Monday, 5 September 2016

Saving Phoebe Murrow by Herta Feely

Herta B. Feely is a writer and full-time editor. Her short stories and memoir have been published in anthologies and literary journals, including The Sun, Lullwater Review, The Griffin, Provincetown Arts, and Big Muddy. In the wake of the James Frey scandal, Feely edited and published the anthology, Confessions: Fact or Fiction? She was awarded the James Jones First Novel Fellowship and an Artist in Literature Fellowship from the DC Commission on the Arts and Humanities for The Trials of Serra Blue. She has also received an award from American Independent Writers for best published personal essay for a piece on immigration. In Saving Phoebe Murrow, Feely continues her commitment to activism on behalf of children. A graduate of UC Berkeley and Johns Hopkins University, Feely is the co-founder of Safe Kids Worldwide, an organization dedicated to saving children from unintentional injuries, the leading killer of children in the United States. She lives in Washington, DC, with her husband and cats.

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About the Book


A story about the timeless struggle between mothers and their teen daughters with a razor-sharp 21st century twist. This heart-wrenching, harrowing debut novel for fans of Big Little Lies (Liane Moriarty) and Reconstructing Amelia (Kimberly McCreight) will make you question what's needed to keep your children from harm. Phoebe's mother, Isabel, is precariously balancing her career and her family. Hard-working and caring, worried but supportive, all Isabel wants, in a world of bullies and temptations, is to keep her daughter Phoebe safe. With her busy schedule, though, she fails to recognize another mother's mounting fury and the danger Phoebe faces by flirting with a mysterious boy on Facebook. A cyber-bullying episode aimed at Phoebe pushes her to the edge with horrific consequences. In her search for justice, Isabel, a DC lawyer, sets out to find the culprit behind this cruel incident. Saving Phoebe Murrow, set amidst the complicated web of adolescent relationships, tells a story of miscommunication and malice, drugs and Facebook, prejudice and revenge.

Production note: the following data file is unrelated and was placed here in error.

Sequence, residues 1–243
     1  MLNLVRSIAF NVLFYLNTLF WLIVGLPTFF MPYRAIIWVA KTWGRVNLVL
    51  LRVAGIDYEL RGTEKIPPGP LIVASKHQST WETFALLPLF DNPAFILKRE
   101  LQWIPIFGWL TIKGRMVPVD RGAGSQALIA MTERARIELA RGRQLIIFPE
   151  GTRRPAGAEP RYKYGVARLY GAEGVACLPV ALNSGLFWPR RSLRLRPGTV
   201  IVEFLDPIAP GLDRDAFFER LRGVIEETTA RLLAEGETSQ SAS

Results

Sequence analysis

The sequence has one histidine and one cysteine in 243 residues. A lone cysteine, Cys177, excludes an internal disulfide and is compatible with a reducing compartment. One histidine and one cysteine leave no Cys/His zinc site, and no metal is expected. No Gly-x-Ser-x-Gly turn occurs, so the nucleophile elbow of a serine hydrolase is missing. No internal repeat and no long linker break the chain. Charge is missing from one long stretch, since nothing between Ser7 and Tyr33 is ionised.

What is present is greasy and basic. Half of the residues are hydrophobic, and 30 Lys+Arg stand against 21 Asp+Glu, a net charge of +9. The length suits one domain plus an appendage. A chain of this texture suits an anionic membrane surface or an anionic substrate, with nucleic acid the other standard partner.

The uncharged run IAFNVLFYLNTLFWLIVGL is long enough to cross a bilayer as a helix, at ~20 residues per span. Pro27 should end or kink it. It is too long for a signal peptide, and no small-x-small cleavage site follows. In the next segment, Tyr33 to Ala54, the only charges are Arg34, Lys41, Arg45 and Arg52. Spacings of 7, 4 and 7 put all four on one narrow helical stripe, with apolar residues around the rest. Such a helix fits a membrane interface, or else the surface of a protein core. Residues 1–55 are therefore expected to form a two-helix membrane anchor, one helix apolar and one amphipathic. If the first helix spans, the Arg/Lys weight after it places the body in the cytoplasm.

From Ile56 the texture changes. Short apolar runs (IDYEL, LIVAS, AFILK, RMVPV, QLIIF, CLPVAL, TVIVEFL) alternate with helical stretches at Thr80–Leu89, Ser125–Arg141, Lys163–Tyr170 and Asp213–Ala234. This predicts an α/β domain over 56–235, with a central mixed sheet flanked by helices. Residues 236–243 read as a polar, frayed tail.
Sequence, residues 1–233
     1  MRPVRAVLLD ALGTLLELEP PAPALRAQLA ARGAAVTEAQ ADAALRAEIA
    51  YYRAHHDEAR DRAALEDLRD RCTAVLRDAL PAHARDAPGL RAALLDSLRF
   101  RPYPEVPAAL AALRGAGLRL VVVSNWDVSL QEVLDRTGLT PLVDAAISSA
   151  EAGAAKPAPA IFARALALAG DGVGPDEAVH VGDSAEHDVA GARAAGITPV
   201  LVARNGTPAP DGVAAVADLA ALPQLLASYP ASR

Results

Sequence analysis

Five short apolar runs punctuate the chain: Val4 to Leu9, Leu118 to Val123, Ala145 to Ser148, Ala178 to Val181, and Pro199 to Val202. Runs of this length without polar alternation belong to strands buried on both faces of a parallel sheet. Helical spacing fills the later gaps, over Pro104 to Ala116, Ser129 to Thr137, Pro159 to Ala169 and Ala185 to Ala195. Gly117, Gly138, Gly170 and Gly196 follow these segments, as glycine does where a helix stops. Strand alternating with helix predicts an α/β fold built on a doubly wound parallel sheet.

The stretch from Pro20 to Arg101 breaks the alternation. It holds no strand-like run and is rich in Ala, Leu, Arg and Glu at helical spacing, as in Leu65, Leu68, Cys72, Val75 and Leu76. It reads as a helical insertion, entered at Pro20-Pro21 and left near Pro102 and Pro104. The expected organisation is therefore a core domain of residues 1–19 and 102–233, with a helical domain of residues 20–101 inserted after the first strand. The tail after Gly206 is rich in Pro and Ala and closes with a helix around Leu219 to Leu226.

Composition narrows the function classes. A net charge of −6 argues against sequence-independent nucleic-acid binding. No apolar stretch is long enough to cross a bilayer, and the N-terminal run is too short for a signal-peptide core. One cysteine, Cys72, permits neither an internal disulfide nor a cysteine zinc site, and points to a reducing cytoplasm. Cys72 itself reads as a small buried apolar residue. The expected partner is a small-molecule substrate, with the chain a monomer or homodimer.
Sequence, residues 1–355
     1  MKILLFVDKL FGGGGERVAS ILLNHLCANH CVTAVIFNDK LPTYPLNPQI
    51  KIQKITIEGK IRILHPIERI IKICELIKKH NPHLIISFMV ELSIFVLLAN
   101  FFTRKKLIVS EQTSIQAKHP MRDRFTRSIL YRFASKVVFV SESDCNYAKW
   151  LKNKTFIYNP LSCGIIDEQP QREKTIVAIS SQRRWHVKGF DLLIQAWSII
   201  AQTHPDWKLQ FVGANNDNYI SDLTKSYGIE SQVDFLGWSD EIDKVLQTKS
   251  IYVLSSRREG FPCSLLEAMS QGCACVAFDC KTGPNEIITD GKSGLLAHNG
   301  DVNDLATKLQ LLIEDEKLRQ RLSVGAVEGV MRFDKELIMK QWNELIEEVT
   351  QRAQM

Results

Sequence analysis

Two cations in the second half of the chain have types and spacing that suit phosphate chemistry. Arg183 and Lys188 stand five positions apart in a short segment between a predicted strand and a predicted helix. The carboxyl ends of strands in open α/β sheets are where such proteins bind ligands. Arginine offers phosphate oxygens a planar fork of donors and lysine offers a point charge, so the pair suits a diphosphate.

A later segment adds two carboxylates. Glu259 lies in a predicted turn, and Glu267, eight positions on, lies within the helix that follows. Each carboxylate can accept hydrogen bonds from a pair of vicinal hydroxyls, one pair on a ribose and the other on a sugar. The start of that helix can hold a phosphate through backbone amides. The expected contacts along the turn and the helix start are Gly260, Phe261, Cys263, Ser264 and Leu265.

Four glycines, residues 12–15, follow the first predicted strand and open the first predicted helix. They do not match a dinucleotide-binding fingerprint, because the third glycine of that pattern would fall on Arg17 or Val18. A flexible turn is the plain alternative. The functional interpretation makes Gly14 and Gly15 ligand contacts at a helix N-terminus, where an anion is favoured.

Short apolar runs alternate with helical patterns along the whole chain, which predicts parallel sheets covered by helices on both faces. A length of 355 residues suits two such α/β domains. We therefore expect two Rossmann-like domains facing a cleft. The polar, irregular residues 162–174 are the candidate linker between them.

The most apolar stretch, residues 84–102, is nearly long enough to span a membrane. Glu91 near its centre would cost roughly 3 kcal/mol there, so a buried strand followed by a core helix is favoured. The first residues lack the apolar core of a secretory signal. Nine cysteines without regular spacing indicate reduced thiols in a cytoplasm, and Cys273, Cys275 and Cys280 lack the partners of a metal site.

Get it today on Amazon (US), Amazon (UK), and Upper Hand Press!


Keep reading for an excerpt:


At the end of the day, as Isabel stepped through the large glass doors of her law office, a strange thing happened. Outside in the cold, she suddenly felt trapped in a bright cone of light. As if some alien spaceship were training its eye on her.

Uneasily, she gazed into the dark November sky. There was the culprit. A smiling gibbous moon. Or was it smirking, maybe even mocking her? Yes, she thought, that would be more appropriate. Work had become insanely busy, though in its own strange way that kept her mind from dwelling on her recent topsy-turvy personal life.

Which included that awful teen party at Sandy Littleton’s, an event that had ruined the weekend. Phoebe drunk, and when Isabel brought her home, Ron found their daughter’s wobbly walk vaguely amusing. In front of Phoebe, they’d kept a united front. But later, in the bedroom, Ron told Isabel she was being too harsh on their daughter.

“She’s thirteen, Ron.”

“Almost fourteen,” he’s said.

She really couldn’t understand Ron’s blasé attitude toward the drinking that Sandy had allowed, encouraged even, nor could she understand Phoebe’s recent obsession with some boy named Shane. They’d met on Facebook, of all places, and he’d promised to show up at the party, then hadn’t. Ron had attributed Phoebe’s drinking to her disappointment over this no show, as if that made it okay. Not okay, definitely not.

Nor did she like the fact that Phoebe had never actually met this character Shane, that all of her communication with him had been online. Who was he anyway? Again, Ron thought it was no big deal! “That’s the way kids communicate these days,” he’d said.

In the end, Isabel had caved, and Phoebe received little more than a slap on the wrist. Mostly because she feared the possibility of the 9th grade kids teasing and taunting her as so many classmates had the previous year. Now, she was eager to get home to find out how Phoebe’s school day had gone. She hoped there had been no fallout from the Saturday night fiasco, though of course Phoebe didn’t know what she had done. Kids could be incredibly cruel.

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